>So I started getting flamed on my blog with really nasty, rather personal comments along the lines of, ‘My friend read your book and said it was junk. I played college football for year and I sucked, but I didn’t go out and write a book about it.’ And ‘So what are you, in your mid-40s now [not quite], but still living in Williamsburg banging that 30-year old pussy. Who do you think you are, Che, or Hemingway?’ Pretty rude stuff, and somewhat creepy as I realized that I must have met this guy as he kept referencing my height (Hey, I’m short. But fierce).

Then I got this comment.

“btw, sorry about the recent assaults. Had a rather rough time with you some day. No fighting. Just something that ailed my liking of you. I get wild too much so. I’m the first to admit it. Get carried away w. my drinking & writing. And i apologize. I’m sure you’re a descent fellow…….Keep those gloves raised high, Rob.”

It started me thinking about what the ‘rough time’ had been, and when I combed over the previous few weeks of my life I realized that it could have easily been a half dozen incidents. I’d gotten into a fight on the soccer field; I’d had words with a jerk who almost hit me riding his bike the wrong way up Bedford Avenue; a neighbor had gone crazy and started shrieking at me on the street. The conflicts were due to my obstreperous nature, but also to city living with all its tensions and proximities. The flaming made me feel vulnerable, to know that some brief disagreement’outside’ could so easily follow me back home.

I finally decided on the most likely conflict. I was sitting in my café catching up with a friend I hadn’t seen in over a decade when I noticed a guy sitting at the next table eavesdropping. Every time I looked up, he was looking right at me – and I was pretty sure he wasn’t cruising me. He was a burly guy, late 30s, kind of professional looking, very tense. So as we were getting ready to leave, I said something, loudly, about people who listened to other people’s conversations. He took offense, we had a loud exchange then and there, and then and I left.

Obviously, I thought, he had been eavesdropping, since I was filling in my old friend on my life and career and he’d picked up enough details to track me down.

Our exchange on our blog continued. This after I was conciliatory (because I’ve been a drunken lunatic once or twice myself):

‘thanks man. Very noble of you. And, believe me, it’s definitely a two way street. I can be an utter nightmare given the time of day (especially when it’s drinking time). Truly, no harm meant, although i know i come across as crazy vicious, throwing as many low blows as i can manage. That’s just me. I fire off a lot of blanks at a wide array of targets when i’m exploring one of my glamorous 75 beer weekends. You could say i’m a rather self loathing dick head way too much of the time. And, believe it or not, i’m also working on being more respectful. Mr. Hyde on the other hand…..Funny thing is, is that you seem to lead a very cool lifestyle & i admire the boxing you did. Growing up i always wanted to box & play hockey, but given my limited options in the sticks, football was what i had to work with. So, long story short, i’m a pretty easy read; obviously jealousy rears it’s head a lot with me. Maybe i’ll drop you another line, some day. For now, i gotta’ get the fuck back on course. Truly sorry to have tossed some refuse in your direction during my most recent storm. Gotta’ a lot more apologizing to do…later dude.’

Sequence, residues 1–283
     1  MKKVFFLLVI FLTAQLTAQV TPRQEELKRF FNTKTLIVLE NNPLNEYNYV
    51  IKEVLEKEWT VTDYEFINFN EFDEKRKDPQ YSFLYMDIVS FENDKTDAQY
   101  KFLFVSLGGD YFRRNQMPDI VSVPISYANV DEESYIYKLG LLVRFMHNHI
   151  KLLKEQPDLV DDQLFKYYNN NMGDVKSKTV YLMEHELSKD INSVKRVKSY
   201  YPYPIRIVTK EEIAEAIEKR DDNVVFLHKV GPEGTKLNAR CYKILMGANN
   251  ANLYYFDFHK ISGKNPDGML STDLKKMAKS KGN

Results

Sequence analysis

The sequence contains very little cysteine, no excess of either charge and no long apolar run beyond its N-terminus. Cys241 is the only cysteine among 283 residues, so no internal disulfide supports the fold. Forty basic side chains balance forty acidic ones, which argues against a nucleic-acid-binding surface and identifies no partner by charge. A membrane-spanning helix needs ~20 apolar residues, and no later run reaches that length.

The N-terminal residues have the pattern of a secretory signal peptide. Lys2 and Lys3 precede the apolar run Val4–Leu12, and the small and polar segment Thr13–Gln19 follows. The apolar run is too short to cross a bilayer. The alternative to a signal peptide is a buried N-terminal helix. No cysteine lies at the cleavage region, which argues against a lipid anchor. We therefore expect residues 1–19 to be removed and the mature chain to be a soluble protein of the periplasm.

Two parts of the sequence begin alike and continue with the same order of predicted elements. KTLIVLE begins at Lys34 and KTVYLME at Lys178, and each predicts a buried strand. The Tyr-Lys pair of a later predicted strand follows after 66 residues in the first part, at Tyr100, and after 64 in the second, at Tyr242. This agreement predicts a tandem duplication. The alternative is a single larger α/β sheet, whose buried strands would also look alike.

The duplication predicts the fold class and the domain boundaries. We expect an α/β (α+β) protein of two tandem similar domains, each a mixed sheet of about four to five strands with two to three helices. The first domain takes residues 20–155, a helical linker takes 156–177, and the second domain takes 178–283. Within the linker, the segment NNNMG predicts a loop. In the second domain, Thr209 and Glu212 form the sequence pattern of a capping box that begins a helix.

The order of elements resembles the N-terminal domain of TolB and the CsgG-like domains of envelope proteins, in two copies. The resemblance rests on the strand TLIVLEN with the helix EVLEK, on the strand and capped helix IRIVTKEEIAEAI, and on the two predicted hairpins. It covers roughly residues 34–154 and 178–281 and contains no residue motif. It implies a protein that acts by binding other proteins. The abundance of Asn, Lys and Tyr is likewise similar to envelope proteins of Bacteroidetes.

We had another friendly exchange in the following week.

What made it all interesting, I think, was how it resolved. It was a very old-fashioned masculine sense of disrespect transferred to a new medium. As soon as my enemy felt he’d been acknowledged, he backed off. We had recognized each other has people.

>The Agon

>It occurs to me on the occasion of Red Sox’s loss in the ALCS that losing has its beauty. Our culture only cares about the winners but has little to say about losers who fight until the end. Winning isn’t even interesting if you don’t beat someone good but we treat losers, even when luck plays a role, like pariahs.

The struggle has its own beauty. I lost my last fight as a boxer – to a pretty good kid who turned pro – but I felt satisfied afterward. I’d left it all in the ring, I just happened to be matched against someone who was more experienced. I learned more losing that fight than I did from my victories.